Mar 25, 2015
It is not the strongest of the species that survives, nor the most intelligent, but the one most responsive to change.- Charles Darwin
Chris Borland will survive because he was the most responsive to change. The NFL, only time will tell.
Chris Borland, San Francisco 49er linebacker retires after his rookie year in the NFL....one 'n' done....at the age of 24. Was the surprise retirement out of fear of brain damage or common sense about the obvious risks of playing the game.
SO - how responsive is the NFL as it finds itself on the path of suicide....? The game of football is no longer a game, it is now a contest ala the Roman coliseum of long ago. For years the NFL was in denial about CTE (chronic traumatic encephalopathy) now the league is just in shock...deer in the headlights kind of shock. Not knowing what to do, just standing there, looking right into the light. Or trying to make the game safer with penalties and coaching to keep the head up when tackling. All the while ignoring the object behind the bright light is the fact that the players have out grown the ability of the protective gear to protect it's players who are the NFL.
The popularity, hype and competitive nature of pro sports leads to an Icarrus affect. Icarrus the young kid who thought he could fly to the sun with wings of wax. I'm sure you know how that ended. For pro sports to survive the governing bodies of each sports has to control the integrity of their respective sports. Competition, costs and the contest itself are the three high wires each plays on.
The Black Sox scandal, Paul Hornung and Pete Rose and sports gambling were easy to deal with. Drug doping not so much by the fact that McGwire, Barry Bonds and others were allowed to continue to play, and not to mention Lance Armstrong. Corked bats, under-inflated balls and spit balls can also be dealt with with little disruption of the respective games.
Since most pro-sports arrived on the scene generations ago the human body has outgrown the original dimensions of the game. Case in point, basketball was a game of passing and shooting a ball to a hoop set ten feet up in the air. As players became more athletic AND taller the game changed.
As the sure thing dunking for two points replaced the higher risk of shooting the ball, the action of the game was replaced with boredom. College basketball banned dunking (1967-1976) as taller players who were now playing didn't even have to jump or shoot to put the ball through the hoop. With competition from the ABA for exciting play the NBA adopted the three point line shot. They couldn't change the height of the basket, a 10ft high basket WAS the game....but they could reward a play that required more skill than standing underneath and dunking the ball. Hence the game is much more exciting for fans AND the bottom line. Basketball will survive because they were responsive to growing players who were dropping the ball in instead of shooting the ball.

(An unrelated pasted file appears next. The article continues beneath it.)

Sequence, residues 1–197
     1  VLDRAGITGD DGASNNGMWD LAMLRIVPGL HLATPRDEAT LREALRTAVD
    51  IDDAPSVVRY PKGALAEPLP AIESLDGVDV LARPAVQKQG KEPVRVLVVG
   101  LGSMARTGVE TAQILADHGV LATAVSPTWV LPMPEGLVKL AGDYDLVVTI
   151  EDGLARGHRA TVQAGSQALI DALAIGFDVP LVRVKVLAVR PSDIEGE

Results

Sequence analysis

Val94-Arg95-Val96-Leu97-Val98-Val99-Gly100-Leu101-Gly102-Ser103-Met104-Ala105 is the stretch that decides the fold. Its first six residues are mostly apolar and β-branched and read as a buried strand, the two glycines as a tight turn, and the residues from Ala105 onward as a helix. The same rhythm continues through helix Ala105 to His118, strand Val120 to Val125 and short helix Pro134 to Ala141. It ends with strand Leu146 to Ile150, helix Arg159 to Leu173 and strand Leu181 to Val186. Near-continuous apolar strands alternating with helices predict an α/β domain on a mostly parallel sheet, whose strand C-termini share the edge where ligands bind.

Football is another question ....the sport over the past 50 years has literally exploded. Children have started playing organized tackle football at a younger and younger age. This allows for younger brains to experience more years of constant brain bashing. At the other end, football players even in high school are bigger, stronger and faster. Which is causing obvious brain injuries and fatalities, suicides, class action lawsuits and now top flight rookies retiring just as their careers are starting. Back at the other end, parents just aren't allowing their children to participate in organized tackle football programs......and those parents are former NFL players.
Those bigger players have changed the game itself. Football used to be a game of strategy to get the ball in the end zone. Today, it's a legal opportunity to ring somebody's bell.
Come back tomorrow and I'll share how football should adapt and overcome itself.
Mar 24, 2015
AND they're OFF...!
Ted Cruz is the first one out of the gates for the 2016 Presidential Race...!! And this is looking like it's really going to be something special of an election season. I mean the Tea Bagger who is dead last in the GOP popularity poll, decided that if he was ever going to be in the lead he better launch before anybody else did. SO- there's Ted Cruz the only declared candidate for the GOP nomination to run for the highest office in the land. Technically, leading the pack
Amazing isn't it...? You ask yourself, how can that be....wasn't Ted Cruz a Canadian citizen since he was born in Calgary, Alberta. Yes, Ted was a Canadian citizen, he had dual citizenship his entire life until May 14th of last year when he realized it conflicted with his Tea Party credentials. So now Ted is ALL American, and I'm sure I heard a huge sigh of relief coming from the north that they would no longer be associated with the smartest crazy man from Harvard.
You may also ask yourself, how can he run for president if his Dad was a Cuban AND he was born in Canada....? An Hispanic Canadian running for the presidency...?!...I know what yer thinking....I WANT MY COUNTRY BACK!!! Secure the borders! Stop these illegals from sneaking in our country just to take our jobs....and now they want our presidency!?? Send them back to the great white north where all those Hispanics belong any ways....!
Sane, competent citizens who understand the laws of our land already know that Ted Cruz is perfectly legal to run, win and serve. Does this all sound a bit familiar...?...of course it does. We already know this because we already have gone over this easily understood, cut 'n' dry, black 'n' white issue seven, six, five, four. three and two years ago.
This all sounds familiar because President Obama was born not in a foreign country, but in Hawaii. Sad that I have to say that Hawaii is part of the United States by being our 50th state. In addition his mother was an America citizen. Sounds pretty black 'n' white, doesn't it...? That's because it is... Obama is the black and Cruz is the white.